I. Reconsideration Standards
The Federal Rules of Criminal Procedure makes no express provision for reconsideration.
Judge Larimer in another case held that the Magistrate Judge there had the "discretion to reconsider or reopen prior proceedings which precipitated" the Magistrate Judge's decision, United States v. Florack, 155 F.R.D. 49, 51 (W.D.N.Y. 1994). In Florack, the Government sought reconsideration (pursuant to then Federal Rule of Criminal Procedure 12(f)*fn2 ) by Magistrate Judge Fisher of his refusal to allow the Government to argue an otherwise defaulted suppression motion, id. at 50-51; see id. at 51-52 (Report & Rec. of Fisher, Mag. J.). Judge Siragusa of this Court held in United States v. Amanuel, No. 05CR6075, 2006 WL 266560, at *1 (W.D.N.Y. Jan. 31, 2006), that the civil standard for reconsideration is applicable in criminal cases, that the standard for reconsideration is "strict" and reconsideration "will generally be denied unless the moving party can point to controlling decisions or data that the court overlooked--matters, in other words, that might reasonably be expected to alter the conclusion reached by the court," id. (internal quotations and citations omitted).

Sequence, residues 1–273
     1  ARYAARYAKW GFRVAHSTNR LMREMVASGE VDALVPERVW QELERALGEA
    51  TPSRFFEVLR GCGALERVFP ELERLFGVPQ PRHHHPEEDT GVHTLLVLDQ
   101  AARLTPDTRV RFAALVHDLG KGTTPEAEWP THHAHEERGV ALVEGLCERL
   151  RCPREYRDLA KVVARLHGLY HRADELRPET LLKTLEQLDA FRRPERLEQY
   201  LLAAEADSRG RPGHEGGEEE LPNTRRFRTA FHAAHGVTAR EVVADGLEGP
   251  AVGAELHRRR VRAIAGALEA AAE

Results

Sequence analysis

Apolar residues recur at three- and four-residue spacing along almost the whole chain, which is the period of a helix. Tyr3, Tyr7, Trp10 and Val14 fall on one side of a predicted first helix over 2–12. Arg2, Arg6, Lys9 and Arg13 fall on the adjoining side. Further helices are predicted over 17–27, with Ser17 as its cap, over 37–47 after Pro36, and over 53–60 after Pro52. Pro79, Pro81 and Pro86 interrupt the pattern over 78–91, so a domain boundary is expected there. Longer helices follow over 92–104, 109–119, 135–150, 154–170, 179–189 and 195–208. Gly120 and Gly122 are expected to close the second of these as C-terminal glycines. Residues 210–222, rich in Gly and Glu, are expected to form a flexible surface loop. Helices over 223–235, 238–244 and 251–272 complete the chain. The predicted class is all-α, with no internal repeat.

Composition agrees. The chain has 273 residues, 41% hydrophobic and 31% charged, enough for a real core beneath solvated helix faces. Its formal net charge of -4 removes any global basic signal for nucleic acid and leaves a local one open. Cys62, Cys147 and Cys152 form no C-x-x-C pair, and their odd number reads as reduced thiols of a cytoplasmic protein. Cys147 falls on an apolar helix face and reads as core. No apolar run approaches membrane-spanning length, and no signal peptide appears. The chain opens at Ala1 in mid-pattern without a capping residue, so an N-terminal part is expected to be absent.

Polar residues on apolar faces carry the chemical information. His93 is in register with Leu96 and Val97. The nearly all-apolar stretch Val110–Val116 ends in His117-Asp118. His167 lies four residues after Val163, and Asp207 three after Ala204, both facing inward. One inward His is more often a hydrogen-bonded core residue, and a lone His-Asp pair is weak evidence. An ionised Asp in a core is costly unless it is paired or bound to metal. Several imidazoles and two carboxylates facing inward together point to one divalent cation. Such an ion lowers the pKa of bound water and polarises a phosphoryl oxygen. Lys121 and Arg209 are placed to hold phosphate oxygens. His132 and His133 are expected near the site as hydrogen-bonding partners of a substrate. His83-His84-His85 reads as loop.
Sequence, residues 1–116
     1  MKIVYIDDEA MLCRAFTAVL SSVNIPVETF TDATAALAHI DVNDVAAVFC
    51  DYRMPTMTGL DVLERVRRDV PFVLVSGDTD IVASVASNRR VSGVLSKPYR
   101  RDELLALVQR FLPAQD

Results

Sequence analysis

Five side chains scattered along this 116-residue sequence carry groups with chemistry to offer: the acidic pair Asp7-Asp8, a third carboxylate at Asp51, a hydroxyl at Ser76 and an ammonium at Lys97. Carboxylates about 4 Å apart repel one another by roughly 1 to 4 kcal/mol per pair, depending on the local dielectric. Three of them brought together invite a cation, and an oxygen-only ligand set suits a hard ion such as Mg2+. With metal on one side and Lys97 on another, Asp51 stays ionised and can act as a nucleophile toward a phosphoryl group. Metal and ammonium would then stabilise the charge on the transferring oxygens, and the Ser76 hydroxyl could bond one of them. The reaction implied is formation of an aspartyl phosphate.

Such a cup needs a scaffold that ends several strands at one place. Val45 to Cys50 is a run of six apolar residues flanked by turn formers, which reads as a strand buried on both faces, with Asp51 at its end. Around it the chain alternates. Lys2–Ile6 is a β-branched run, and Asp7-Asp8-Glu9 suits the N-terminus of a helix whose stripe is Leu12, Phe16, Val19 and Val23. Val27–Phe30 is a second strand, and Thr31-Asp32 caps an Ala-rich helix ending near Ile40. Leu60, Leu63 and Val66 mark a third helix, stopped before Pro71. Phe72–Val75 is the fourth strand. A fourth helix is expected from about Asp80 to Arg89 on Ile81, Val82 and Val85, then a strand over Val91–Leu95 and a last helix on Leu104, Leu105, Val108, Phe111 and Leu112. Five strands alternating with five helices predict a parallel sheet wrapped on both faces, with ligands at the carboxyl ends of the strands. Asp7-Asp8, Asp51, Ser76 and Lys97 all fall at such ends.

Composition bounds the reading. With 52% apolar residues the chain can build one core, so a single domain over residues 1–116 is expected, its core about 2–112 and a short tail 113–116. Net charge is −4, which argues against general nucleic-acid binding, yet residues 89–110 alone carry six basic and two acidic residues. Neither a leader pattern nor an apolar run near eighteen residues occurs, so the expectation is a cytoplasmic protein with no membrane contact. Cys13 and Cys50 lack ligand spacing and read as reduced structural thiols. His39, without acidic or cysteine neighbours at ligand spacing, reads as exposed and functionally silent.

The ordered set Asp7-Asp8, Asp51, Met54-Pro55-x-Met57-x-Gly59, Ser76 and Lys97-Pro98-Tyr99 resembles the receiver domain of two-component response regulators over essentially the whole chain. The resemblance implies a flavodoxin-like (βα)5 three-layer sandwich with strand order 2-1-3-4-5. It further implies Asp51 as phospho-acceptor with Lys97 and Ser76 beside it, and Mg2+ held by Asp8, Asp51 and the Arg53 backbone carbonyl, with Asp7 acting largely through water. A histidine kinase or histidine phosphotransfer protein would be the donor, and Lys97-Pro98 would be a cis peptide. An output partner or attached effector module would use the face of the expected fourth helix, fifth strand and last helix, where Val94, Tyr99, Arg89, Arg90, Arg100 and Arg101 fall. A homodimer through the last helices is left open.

II. What Type of Conflict Is Presented Here?
A defendant has a Sixth Amendment right to be represented by conflict-free counsel, Holloway v. Arkansas, 435 U.S. 475, 484 (1978); Glasser v. United States, 315 U.S. 60, 71 (1942); United States v. Falzone, 766 F. Supp. 1265, 1271 (W.D.N.Y. 1991) (Arcara, J.). A conflict arises when defendant's counsel of choice represents (or formerly represents) a Government witness appearing against defendant, Falzone, supra, 766 F. Supp. at 1271. As previously stated, under applicable New York Rules of Professional Conduct, a lawyer shall not represent a client if a reasonable lawyer would conclude that "the representation will involve the lawyer in representing differing interests," § 1200.0 Rules of Professional Conduct, Rule 1.7(a)(1) (2009). Where a conflict of interest between an attorney and his client is potential, this Court may in its discretion disqualify that counsel based upon the Court's "independent interest in ensuring that criminal trials are conducted within the ethical standards of the profession and that legal proceedings appear fair to all who observe them," Wheat v. United States, 486 U.S. 153, 160 (1988); see also United States v. Sullivan, 381 F. Supp. 2d 120 (W.D.N.Y. 2005) (Larimer, J.). A conflict relating to an attorney's ...